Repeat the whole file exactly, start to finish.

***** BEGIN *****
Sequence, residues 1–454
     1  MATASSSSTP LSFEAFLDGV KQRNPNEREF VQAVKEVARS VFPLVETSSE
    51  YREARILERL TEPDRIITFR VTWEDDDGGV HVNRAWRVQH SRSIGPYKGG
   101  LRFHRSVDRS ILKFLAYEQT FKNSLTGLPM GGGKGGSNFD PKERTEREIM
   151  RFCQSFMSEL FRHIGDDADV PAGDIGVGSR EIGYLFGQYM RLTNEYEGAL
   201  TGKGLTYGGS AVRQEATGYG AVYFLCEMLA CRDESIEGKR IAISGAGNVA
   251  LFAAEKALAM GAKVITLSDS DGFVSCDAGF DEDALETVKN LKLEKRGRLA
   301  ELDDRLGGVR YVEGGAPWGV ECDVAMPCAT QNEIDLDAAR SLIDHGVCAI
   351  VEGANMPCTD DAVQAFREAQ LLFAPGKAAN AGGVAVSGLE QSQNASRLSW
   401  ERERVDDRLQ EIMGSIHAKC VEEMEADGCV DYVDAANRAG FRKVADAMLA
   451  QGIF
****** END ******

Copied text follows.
Sequence, residues 1–454
     1  MATASSSSTP LSFEAFLDGV KQRNPNEREF VQAVKEVARS VFPLVETSSE
    51  YREARILERL TEPDRIITFR VTWEDDDGGV HVNRAWRVQH SRSIGPYKGG
   101  LRFHRSVDRS ILKFLAYEQT FKNSLTGLPM GGGKGGSNFD PKERTEREIM
   151  RFCQSFMSEL FRHIGDDADV PAGDIGVGSR EIGYLFGQYM RLTNEYEGAL
   201  TGKGLTYGGS AVRQEATGYG AVYFLCEMLA CRDESIEGKR IAISGAGNVA
   251  LFAAEKALAM GAKVITLSDS DGFVSCDAGF DEDALETVKN LKLEKRGRLA
   301  ELDDRLGGVR YVEGGAPWGV ECDVAMPCAT QNEIDLDAAR SLIDHGVCAI
   351  VEGANMPCTD DAVQAFREAQ LLFAPGKAAN AGGVAVSGLE QSQNASRLSW
   401  ERERVDDRLQ EIMGSIHAKC VEEMEADGCV DYVDAANRAG FRKVADAMLA
   451  QGIF